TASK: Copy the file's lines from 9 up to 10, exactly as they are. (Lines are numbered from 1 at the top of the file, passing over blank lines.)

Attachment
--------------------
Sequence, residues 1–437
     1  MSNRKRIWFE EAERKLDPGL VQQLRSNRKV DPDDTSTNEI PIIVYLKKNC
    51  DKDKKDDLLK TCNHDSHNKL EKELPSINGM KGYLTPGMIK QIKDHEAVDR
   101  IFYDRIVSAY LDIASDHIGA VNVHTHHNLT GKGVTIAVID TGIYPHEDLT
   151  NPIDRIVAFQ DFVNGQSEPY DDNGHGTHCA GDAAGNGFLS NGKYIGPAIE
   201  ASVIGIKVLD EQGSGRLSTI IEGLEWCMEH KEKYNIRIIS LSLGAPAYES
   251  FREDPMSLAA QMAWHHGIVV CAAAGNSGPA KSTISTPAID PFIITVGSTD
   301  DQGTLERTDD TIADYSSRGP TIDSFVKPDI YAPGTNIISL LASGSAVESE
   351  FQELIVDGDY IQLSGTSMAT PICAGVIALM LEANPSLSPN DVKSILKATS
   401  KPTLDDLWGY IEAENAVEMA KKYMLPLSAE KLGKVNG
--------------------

   351  FQELIVDGDY IQLSGTSMAT PICAGVIALM LEANPSLSPN DVKSILKATS
   401  KPTLDDLWGY IEAENAVEMA KKYMLPLSAE KLGKVNG